Collaborative research through the EPSRC early career forum in manufacturing research

One of the remits of the EPSRC early career forum (ECF) in manufacturing research is to foster collaborative research between its members. This article gives an overview of some of the collaborative projects currently taking place as a result of the formation of the ECF. Taken as a whole the projects are all based in manufacturing research, but the work spans a wide range of STEM disciplines, reflecting the diversity of the ECF membership. There are a total of six formally funded projects currently ongoing amongst the collaboration activities.

Direct Digital Fabrication: Integration of Advanced Manufacturing Processes

Dr Jon Shephard – Heriot-Watt UniversityConnaughtonSmithKayShepard
Dr Robert Kay – University of Loughborough
Dr Patrick Smith – University of Sheffield
Dr Colm Connaughton – University of Warwick

Digital Fabrication is the direct manufacture of three-dimensional objects using additive or subtractive processes. It enables agile, on-demand and fully automated production in a wide range of manufacturing contexts and is a key enabling technology for future high-value manufacturing applications. Current Digital Fabrication technologies are limited in the range of materials which can be used, the processing speed, and the resolution available.

This project seeks to improve the ability to combine multiple materials e.g. metals and plastics, in a single process which at present is very restricted. This will be achieved by using a multi-process integration approach to Digital Fabrication where the best process for the application in hand can be selected. It combines the advantages of additive manufacturing, laser based processing and ink jet printing technologies to deposit and integrate different materials within each layer. Additionally, mathematical modelling will be employed to develop improved understanding of the physical processes governing these technologies.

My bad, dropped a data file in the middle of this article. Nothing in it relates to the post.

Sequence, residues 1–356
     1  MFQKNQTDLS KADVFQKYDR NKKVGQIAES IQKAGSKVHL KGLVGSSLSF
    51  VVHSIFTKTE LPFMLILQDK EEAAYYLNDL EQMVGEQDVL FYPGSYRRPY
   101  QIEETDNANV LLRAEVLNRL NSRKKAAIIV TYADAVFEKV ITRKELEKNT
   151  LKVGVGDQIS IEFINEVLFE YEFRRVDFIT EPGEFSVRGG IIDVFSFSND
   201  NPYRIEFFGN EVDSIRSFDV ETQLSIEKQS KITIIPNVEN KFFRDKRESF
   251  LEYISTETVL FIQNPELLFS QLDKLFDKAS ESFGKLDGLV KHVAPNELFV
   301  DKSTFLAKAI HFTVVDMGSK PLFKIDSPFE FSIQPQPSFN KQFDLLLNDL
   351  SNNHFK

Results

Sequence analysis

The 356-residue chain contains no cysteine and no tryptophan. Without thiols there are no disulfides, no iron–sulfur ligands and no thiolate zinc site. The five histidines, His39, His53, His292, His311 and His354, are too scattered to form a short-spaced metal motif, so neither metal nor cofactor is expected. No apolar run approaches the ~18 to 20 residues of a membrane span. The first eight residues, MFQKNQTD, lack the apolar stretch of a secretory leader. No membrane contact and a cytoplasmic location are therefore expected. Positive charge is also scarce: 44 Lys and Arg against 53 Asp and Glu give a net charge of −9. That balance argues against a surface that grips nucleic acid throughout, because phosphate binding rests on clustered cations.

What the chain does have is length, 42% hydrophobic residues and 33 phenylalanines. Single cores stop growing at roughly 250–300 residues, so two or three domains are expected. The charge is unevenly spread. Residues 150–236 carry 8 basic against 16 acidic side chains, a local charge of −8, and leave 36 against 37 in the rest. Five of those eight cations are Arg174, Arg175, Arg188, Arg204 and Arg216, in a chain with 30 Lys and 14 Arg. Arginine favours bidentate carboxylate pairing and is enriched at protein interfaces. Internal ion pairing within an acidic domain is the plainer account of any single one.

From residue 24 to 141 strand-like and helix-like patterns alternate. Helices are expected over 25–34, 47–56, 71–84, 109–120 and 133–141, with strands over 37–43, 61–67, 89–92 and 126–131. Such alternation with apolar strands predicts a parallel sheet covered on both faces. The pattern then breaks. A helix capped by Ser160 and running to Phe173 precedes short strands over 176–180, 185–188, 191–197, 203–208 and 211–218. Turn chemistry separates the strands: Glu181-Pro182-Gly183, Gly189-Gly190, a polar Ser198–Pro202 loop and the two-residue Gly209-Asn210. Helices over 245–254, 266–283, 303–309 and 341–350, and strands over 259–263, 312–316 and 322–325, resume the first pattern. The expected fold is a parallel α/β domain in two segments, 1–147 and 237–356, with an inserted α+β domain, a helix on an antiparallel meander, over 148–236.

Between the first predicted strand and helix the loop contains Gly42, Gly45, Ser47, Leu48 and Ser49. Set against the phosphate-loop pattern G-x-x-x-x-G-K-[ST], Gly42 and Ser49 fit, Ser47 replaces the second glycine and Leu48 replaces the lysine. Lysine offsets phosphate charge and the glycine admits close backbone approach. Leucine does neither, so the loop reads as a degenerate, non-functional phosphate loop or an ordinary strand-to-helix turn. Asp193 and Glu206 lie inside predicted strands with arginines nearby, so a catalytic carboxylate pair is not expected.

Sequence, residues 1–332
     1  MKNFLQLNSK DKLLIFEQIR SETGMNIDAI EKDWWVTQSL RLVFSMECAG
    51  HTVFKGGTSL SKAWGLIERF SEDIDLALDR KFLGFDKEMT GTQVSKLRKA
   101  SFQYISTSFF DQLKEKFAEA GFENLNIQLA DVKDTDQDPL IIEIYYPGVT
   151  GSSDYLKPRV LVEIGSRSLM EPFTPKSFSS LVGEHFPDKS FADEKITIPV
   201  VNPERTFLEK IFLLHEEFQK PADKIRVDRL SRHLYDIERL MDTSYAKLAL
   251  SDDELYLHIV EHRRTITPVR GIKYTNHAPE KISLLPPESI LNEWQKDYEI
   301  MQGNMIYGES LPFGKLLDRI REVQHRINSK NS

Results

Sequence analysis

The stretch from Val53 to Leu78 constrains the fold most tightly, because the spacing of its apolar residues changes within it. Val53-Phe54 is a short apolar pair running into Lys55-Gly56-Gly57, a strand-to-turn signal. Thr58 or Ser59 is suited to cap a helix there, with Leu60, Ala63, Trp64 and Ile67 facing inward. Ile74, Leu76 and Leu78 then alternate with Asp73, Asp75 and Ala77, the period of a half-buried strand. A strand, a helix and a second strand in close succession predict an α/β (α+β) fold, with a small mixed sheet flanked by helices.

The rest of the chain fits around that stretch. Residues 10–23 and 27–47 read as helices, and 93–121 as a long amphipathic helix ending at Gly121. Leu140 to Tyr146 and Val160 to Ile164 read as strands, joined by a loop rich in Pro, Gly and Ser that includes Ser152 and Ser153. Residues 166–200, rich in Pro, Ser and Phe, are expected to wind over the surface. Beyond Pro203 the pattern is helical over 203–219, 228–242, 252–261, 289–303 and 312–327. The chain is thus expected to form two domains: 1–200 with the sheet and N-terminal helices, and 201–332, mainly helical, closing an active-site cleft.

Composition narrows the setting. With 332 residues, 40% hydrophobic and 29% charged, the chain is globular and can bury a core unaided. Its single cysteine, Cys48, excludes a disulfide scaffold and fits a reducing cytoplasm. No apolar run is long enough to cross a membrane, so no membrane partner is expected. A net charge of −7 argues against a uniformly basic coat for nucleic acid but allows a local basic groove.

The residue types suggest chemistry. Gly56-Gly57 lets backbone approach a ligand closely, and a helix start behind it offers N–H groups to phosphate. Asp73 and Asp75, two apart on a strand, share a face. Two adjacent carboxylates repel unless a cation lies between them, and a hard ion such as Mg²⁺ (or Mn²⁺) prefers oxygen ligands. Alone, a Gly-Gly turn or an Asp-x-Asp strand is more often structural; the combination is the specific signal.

The project addresses the fundamental scientific challenges required to interleave these different manufacturing techniques in order to achieve fine-grained control over the spatial distribution, microstructure and interface properties of the different materials to be laid down in each layer. These challenges include the integration of different Digital Fabrication processes, the use of configurable laser profiles to control droplet evaporation properties, and the use of laser-based surface texturing to improve the adhesion between the various layers and thus improve the overall mechanical properties of the part.

The project will provide the unpinning research to enable the production of three-dimensional structures from a range of materials. This academic team will work along with a consortium of industrial partners with strong track records in innovation for high value manufacturing applications.

In-situ monitoring of component integrity during additive manufacturing using optical coherence tomography

Dr Kristian Groom – University of SheffieldClareGroom
Dr Adam Clare – University of Nottingham